and maybe starlight

evening visitors

Just before 5 a.m. I woke out of a dream where a bear was coming through the trees at the edge of our land, suddenly as large as life in front of me. It was surprised to find me there and of course I was surprised too. Though perhaps I shouldn’t be. The bears are awake after a cold winter and although I haven’t seen one yet, I know I will, maybe sooner rather than later. Was it a bear who dragged the bird feeder down from the Kwanzan cherry late last week? Probably it was, though there was no trace of it when we came out early to go for a swim. No scat. No ripe scent in the morning air.

One year, about this time, we watched a sow moving down the bank into the old orchard, twin cubs in her wake. They nosed around, eating soft grass. In spring, when we walk up on the mountain behind us, we often find boulders overturned by bears for the ants and grubs hidden away from the light. The bears in the photo are a mother and a mostly-grown cub, probably about to be sent off on its own so that the mother can mate again.

Where we live, bears are part of our wild community. Their lives are adjacent to ours, mostly compatible with ours, or ours with them, because they were here first. We’re the interlopers. Mostly I love to see them passing through. Sometimes a young one will repeatedly tear apart the compost boxes and then I’m less happy about it. For the past two years, a bear has busted one of the garden gates to get into the vegetable garden but then it’s left again without doing any damage. Maybe just curious? If you pay attention, you learn how to stay away from situations that might be dangerous. (Many years ago I wrote an essay about this process of attention.) We keep our garbage in a shed after an incident more than 20 years ago when a bear became a problem after it discovered foil that had been wrapped salmon for the barbeque. I no longer use foil on the barbeque because I think that even a shed door would not be a deterrent. If we cook fish, John scrapes and burns off every remnant.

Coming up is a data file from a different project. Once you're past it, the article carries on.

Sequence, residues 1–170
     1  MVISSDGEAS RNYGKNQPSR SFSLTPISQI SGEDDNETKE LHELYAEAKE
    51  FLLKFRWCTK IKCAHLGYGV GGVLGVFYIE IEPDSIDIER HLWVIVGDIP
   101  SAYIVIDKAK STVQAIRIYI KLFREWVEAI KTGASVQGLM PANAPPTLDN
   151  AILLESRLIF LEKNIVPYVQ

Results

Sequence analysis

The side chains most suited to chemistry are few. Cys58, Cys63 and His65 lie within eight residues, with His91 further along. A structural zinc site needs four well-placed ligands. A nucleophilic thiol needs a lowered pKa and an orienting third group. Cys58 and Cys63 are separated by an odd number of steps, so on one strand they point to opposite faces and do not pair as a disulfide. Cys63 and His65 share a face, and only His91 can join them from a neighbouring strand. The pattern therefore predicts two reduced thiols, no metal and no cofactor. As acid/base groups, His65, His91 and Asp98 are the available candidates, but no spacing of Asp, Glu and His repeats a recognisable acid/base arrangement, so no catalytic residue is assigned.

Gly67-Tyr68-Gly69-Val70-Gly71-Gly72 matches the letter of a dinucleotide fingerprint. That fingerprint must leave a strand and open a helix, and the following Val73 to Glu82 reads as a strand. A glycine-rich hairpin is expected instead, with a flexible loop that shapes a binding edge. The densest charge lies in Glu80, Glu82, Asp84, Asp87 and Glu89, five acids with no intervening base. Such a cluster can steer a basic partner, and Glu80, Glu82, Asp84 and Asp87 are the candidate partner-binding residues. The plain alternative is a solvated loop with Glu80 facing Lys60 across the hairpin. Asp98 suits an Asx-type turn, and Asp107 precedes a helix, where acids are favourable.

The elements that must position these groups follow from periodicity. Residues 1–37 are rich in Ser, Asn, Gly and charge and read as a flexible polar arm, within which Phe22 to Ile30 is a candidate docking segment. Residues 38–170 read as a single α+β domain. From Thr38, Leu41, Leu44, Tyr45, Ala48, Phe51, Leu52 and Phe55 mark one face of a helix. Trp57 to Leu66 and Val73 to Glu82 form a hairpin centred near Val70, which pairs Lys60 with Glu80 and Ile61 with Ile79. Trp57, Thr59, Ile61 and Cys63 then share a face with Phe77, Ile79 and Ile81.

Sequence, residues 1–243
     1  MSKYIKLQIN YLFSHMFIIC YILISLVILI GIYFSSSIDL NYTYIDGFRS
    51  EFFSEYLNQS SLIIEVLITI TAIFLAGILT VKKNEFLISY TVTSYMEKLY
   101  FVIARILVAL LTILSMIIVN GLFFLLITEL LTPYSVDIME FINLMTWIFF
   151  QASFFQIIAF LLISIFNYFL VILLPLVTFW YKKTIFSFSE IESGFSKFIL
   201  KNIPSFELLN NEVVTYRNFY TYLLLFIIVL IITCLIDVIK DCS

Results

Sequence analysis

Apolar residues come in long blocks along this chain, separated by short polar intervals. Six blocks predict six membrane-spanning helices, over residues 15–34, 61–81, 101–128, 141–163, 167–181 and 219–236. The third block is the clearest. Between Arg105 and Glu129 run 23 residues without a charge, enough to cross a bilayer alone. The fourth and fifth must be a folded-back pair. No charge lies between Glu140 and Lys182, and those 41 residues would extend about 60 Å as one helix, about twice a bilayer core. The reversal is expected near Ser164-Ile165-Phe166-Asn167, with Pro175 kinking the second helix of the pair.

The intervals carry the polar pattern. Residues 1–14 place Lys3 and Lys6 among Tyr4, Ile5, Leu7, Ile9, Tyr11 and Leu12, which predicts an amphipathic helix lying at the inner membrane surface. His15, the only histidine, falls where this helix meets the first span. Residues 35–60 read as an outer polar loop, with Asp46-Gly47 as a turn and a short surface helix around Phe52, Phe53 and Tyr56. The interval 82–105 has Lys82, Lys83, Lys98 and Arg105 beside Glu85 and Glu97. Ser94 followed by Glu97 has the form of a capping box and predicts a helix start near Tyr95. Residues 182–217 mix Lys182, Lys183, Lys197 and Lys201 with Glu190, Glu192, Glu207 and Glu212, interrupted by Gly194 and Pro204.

Yesterday we stopped at Brickers to pick up some cider and to have lunch on our way back from errands in the little town down the Coast. John’s not much of a cider drinker but I love it and sometimes I have a gift card courtesy of one of my children. It’s a good place to have lunch when grandchildren are visiting because there’s lots of seating outside, at picnic tables around an old woodstove, and a big area where the little kids can run. The food’s really good too. A proper ploughman’s lunch with good ham cut from the bone, crusty bread, mature cheddar, Brie, pickle, mustard, etc. and a west coast ploughman’s plate, with a fillet of home-smoked salmon and a tangle of shredded apple, capers, the cheeses, coarse mustard. The graphics on the bottles are wonderful.

campfire cider

The bear on the bottle of Brickers Original reminds me of autumn, when bears always climb the old crabapple tree to feast on the small scabby fruit. Up and down, branches cracking under their weight. This guy spent most of a week in the tree, taking his ease in the little pond where he’d bobbed for the crabs that had already dropped.


The other bottle of cider is West Coast Scotch. The description says, “BC fresh pressed apples fermented dry and then aged for 5 months in Ardbeg scotch barrels. Ardbeg, from Islay in Scotland, is famous for its peaty and smoky flavours and this cider represents that with abundance. Hugely peaty on the nose with a light salty finish, this cider is designed to be a sipper…” I don’t know how much of this is true yet. I love Ardbeg, love the Islay single malts with their riff of seaweed and peat smoke (reminding me of the turf fires I burned when I lived in Ireland). I’m saving this bottle for a summer campfire, a few of us around it, bears and owls in the woods, the old stories of boulders on Mount Hallowell, scats in the berry patches, a sow and her twins ambling down to the trees we planted in the early days of our residence here, and maybe starlight. As Gary Snyder wrote of bears, “As for me I am a child of the god of the mountains.” Me too.

this year's orchard family


P.S. P.S. One of these guys must’ve heard me saying that I hadn’t seen a bear yet this year. In the wee hours this morning, one of them raided the bins where we keep old wire, vacuum bags filled with dust, and paint rags until we have enough to pay a visit to the dump, usually twice a year. Absolutely nothing to eat! It dragged stuff out and then wandered around for a bit. I was moving some plants from greenhouse to deck when I noticed this by the fig tree…


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